“Holding onto anger is like drinking poison and expecting the other person to die.” ~ Unknown
Forgiveness can be one of the hardest experiences we have to go through, it can be very confusing because a part of us may feel it’s letting the other person get away with whatever we perceive they did to us. The betrayals and violations were often committed so long ago that it can be memories of the memories that still hurts, rather than the actual deeds or words.
The Ego will always do it’s best to stay in the hurt, making others responsible, making others pay, or waiting for others to rescue us from the pain. This mindset of holding others responsible is incredibly disempowering. Others may never change, never realise how they hurt people, never want to understand and in some cases they may no longer be alive. Not forgiving someone primarily damages you.
When someone has hurt you, you may still be upset with them, but underneath it all you will find that you’re actually upset with yourself for letting someone hurt you. You’re disappointed in yourself that you trusted that person and they betrayed you, you’re upset that you were in that place when that incident happened, you’re angry that you didn’t speak up or walk away when that person was abusing you. Underneath all the anger of holding others responsible you’re actually troubled that you didn’t handle yourself differently. Even if you were an innocent child when it happened, if you are angry at your caregivers or family it will often boil down to you being disappoined that you ended up in that dynamic.
This is where self-forgiveness comes in, forgiving yourself for all of the anger you are holding onto or blaming others for being in that situation, will set you free to move on and start being empowered. Not only is it good for your mind and emotions, it’s good for your physical body and health which gets damaged by negativity. The following exercise is for those who are ready to forgive and want their power back. If a person is willing to stay stuck in unforgiveness then nothing is going to shift until they decide they are prepared to take the emotional responsibility needed for change. Even when we are willing, forgiveness is hard, but it’s impossible if stuck in blame.
So, how do you forgive yourself? Step 1. How Did They Make You Feel? Think of the person you are struggling to forgive, think about what they did to you, but most importantly think about how their actions made you feel. You may feel violated, angry, betrayed, rejected, abandoned, neglected, disrespected, abused, powerless, etc. any or all of these and more. It helps to write it down. If you fill a whole page with you feel about it, that’s okay, its better out than in. Please note, when you write it down, notice if you feel like writing they make me feel or made me feel. Make you feel is present tense, made you feel is the past and then you know you’re dealing with clearing memories of memories.
Step 2. How Do You Feel About Letting Someone Hurt You?
Look at what you wrote in step 1, how you feel looking at those words. Use your intuition here; look for the feeling that wrote those words. Write it down. Often here you will see how helpless you had become hoping that person would show mercy and rescue you from your own powerlessness. It’s important with forgiveness that you take responsibility and learn that you can and must rescue yourself.
Step 3. Compassion Gives You Your Power Back.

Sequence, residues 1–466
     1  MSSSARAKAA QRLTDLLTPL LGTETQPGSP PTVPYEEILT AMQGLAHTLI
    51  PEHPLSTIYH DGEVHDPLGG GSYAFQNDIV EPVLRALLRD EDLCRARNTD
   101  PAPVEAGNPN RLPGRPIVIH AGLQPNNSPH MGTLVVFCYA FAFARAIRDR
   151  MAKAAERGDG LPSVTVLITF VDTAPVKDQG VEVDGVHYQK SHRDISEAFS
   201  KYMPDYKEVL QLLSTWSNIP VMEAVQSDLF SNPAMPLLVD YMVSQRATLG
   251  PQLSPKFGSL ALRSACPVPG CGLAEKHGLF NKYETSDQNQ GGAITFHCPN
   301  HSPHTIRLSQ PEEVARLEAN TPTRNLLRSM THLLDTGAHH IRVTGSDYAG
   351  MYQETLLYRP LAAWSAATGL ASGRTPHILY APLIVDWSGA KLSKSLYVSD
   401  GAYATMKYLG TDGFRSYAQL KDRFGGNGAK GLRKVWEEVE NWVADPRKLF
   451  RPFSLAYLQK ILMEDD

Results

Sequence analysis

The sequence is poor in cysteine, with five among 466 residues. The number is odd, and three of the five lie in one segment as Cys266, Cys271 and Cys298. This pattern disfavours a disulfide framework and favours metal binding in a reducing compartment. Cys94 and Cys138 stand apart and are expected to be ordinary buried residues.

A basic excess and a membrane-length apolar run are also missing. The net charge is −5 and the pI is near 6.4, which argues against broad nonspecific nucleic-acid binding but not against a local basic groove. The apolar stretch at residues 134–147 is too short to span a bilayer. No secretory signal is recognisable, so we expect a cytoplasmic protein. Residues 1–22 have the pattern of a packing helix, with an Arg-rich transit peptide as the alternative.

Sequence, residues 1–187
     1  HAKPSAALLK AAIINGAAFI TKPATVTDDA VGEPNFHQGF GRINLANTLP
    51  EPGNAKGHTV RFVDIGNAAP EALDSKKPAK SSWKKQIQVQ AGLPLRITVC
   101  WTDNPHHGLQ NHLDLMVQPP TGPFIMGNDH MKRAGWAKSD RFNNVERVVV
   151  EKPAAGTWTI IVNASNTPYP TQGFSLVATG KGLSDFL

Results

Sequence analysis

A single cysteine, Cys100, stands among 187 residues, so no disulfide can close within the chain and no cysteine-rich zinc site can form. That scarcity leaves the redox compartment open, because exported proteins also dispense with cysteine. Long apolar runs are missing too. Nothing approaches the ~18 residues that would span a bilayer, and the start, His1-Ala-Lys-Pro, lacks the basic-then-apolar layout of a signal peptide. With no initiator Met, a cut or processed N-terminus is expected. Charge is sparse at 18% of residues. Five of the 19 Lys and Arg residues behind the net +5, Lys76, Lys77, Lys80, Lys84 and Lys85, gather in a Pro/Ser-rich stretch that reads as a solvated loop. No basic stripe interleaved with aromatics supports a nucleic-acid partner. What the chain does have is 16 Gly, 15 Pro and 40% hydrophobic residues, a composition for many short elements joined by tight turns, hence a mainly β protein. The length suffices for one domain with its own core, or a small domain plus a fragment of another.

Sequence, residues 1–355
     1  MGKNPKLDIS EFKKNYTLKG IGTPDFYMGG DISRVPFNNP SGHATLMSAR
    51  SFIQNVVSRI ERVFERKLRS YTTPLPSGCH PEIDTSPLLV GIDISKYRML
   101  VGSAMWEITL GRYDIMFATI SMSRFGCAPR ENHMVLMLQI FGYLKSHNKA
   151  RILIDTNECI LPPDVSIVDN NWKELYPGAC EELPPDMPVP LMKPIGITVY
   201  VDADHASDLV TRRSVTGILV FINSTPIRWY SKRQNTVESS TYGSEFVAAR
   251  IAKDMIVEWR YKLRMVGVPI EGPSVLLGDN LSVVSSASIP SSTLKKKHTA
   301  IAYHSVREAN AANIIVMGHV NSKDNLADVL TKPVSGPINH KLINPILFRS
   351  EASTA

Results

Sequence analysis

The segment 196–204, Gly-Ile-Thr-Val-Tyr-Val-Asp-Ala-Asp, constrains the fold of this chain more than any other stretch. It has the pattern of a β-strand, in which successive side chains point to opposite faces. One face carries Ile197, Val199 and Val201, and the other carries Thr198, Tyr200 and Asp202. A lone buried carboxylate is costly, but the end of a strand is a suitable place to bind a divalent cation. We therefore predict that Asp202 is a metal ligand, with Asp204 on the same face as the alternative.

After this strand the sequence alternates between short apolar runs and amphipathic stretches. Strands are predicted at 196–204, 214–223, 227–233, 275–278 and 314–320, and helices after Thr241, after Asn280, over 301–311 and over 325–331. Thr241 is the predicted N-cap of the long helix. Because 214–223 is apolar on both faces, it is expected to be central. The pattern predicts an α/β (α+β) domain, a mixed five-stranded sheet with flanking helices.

When you see that someone could make you feel like that, you may also realise that the person who hurt you may not be well. They aren’t or weren’t happy. How could a happy person make another feel like that? Hurt people, hurt people. See where compassion can be considered, and how allowing compassion for that person’s unconsciousness can release you from the heaviness of blame.
Step 4. Declare Your Forgiveness
Say the following declaration aloud, that way your subconscious hears your voice saying it and allows reprogramming to penetrate at a deeper level. You could write it out, sign and date it, which is another way of ensuring your subconscious has acknowledged it.
“I declare I can now see that he/she hurt me either deliberately or unintentionally, but they were actually hurt themselves, for whatever reason, and used me as a way of unconsciously dealing with their own pain. I acknowledge him/her as my teacher and I have learnt what I need from them. I no longer need to focus on their problems as a source of my own frustrations or healing. I see that habit does me no good. I deserve to live without their wound and I now choose to do so. I let go of their wounding with love and compassion, I give them and everyone, full permission to live out their lessons in whichever way they choose.
I am now deciding to be powerful in my own right, do what I need to do for the highest good, and stay in my integrity. I have the courage to forgive him/her and I forgive myself for attracting their hurt into my life. I am grateful for this new awareness and I no longer have the need to attract that behaviour into my life again.
Read this declaration at least twice a day until you’ve moved on, you’ll know when that is because you won’t want to think about the past with that person anymore.
The point of this declaration is start your brain thinking differently and no longer going in a negative loop when you’re triggered by others or by memories.
Creating new ways of thinking takes time, about 3 to 4 weeks initially, so start a practice today of thinking differently. Make it a habit to let the past go and create a new life based on you being powerful, happy and free from others bad behaviours.
Most importantly, be compassionate, forgive yourself and keep moving forward.